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MINT FLOWERS

Basil flowers, Ocimum basilicumThe Mint Family is a big one with unique, easy-to-identify, nearly-always irregular blossoms, and it's a family likely to be found in most backyards. In herb gardens, Mint Family members include rosemary, horehound, lavender, catnip, sage, savory, marjoram, thyme, basil, peppermint, and spearmint. Mints often grown as ornamentals include coleus, snapdragons, and scarlet sage. There are even some weedy mints, among the most common being ground ivy, bugleweed, heal-all, henbit, pennyroyal, purple dead-nettle, and hedge nettle. The above picture shows flowers Basil, Ocimum basilicum, the corollas being about -inch long. Basil flowers have a curious flat "cap" atop their calyxes, making them easy to identify. Each flower of the thousands of mint species has something special about it, and it's fun to know what those special features are.

Here are the main mint-family characteristics:

  • usually, but not always, they are strong-smelling herbs
  • two leaves instead of one arise at every node (better said, the leaves are opposite)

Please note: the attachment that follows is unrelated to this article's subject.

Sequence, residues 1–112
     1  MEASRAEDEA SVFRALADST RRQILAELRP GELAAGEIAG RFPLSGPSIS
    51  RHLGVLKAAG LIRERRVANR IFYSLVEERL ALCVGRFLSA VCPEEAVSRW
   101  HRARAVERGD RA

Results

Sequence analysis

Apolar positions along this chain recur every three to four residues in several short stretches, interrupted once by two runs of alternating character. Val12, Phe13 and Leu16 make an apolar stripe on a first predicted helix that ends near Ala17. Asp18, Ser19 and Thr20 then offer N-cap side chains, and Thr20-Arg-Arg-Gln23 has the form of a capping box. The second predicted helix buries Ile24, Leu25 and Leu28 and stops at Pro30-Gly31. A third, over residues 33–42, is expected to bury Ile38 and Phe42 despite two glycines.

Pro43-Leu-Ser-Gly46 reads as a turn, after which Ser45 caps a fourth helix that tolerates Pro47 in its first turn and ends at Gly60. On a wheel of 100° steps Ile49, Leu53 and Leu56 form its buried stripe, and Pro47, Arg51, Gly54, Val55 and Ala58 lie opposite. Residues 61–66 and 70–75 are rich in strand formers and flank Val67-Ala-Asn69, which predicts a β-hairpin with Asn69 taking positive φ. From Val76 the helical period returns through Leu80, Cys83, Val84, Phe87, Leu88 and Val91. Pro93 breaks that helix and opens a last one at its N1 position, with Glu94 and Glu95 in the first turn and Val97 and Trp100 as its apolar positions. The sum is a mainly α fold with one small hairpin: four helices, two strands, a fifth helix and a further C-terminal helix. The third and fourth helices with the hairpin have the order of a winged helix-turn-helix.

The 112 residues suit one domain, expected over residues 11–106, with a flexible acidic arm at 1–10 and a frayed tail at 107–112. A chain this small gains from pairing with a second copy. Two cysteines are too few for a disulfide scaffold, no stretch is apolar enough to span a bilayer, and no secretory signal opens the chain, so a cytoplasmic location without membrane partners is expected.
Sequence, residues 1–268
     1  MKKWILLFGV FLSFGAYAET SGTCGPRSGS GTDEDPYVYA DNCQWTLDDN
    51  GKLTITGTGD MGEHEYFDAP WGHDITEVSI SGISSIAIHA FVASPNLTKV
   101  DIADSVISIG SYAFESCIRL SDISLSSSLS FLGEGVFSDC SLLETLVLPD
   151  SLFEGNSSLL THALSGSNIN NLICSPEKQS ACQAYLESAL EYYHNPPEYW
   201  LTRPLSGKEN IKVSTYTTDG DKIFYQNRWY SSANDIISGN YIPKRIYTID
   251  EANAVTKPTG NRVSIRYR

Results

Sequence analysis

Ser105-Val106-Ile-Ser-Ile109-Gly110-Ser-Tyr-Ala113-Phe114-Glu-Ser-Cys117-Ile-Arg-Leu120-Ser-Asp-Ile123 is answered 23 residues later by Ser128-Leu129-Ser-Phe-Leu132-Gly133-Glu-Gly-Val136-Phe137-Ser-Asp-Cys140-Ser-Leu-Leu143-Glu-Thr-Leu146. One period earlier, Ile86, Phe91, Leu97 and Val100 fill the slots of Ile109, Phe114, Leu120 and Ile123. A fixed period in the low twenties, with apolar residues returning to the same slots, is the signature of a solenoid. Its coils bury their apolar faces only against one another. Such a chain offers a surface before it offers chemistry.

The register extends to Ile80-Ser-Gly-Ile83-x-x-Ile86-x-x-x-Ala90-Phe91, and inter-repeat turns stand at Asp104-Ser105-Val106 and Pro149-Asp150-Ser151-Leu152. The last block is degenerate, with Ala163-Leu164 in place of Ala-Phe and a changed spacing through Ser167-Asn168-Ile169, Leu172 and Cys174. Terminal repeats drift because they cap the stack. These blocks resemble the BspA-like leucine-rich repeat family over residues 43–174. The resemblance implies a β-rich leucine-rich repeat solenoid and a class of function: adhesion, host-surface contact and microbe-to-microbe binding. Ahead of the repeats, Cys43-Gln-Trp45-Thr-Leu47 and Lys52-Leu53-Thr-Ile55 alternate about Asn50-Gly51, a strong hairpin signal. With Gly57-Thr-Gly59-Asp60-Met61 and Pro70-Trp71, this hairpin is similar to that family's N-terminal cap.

• the stem is square in cross-section
  • the flowers are usually irregular (bilateral symmetry),   often looking like little dog-heads...
  • mint nutlets of hedge nettle, Stachys arvensisthe ovary is divided into four nutlets with the style arising from amidst them. In the picture at the right the nutlets are clearly visible nestled inside the calyxes after the corolla and style have fallen away, This is a Hedge Nettle, Stachys arvensis. Also note the squarish stem

It's worth noting that lots of plants are strong-smelling herbs with opposite leaves, squarish stems, and irregular flowers, without being in the mint family -- lantanas and verbenas, for instance. But no plant has those features, plus flower ovaries divided into four nutlets... unless it's a mint.

Lemon Balm, Melissa officinalis, flowersOften a mint flower's stamens are positioned in strange ways in order to daub pollinators as they enter the corolla tube. In the flowers of the Lemon Balm, Melissa officinalis, shown at the left, note how the four stamens run along the corolla's top so that when a pollinator lands on the lower lip and enters the corolla tube, pollen will be daubed on its back.

If you have scarlet sage blossoming around your house you can see how its overarching stamens are actually pivoted in a certain way so that when the pollinator enters the tube it "pushes a lever" causing the anthers to swing downward and tag the pollinator from behind! We have a drawing of this about halfway down our Putting Pollen Where It's Needed page.

If you like the idea of growing mints in a garden and using them as spices, or just want to familiarize yourself more with the world of mints, take a look at the Magnificent Mints Web page.

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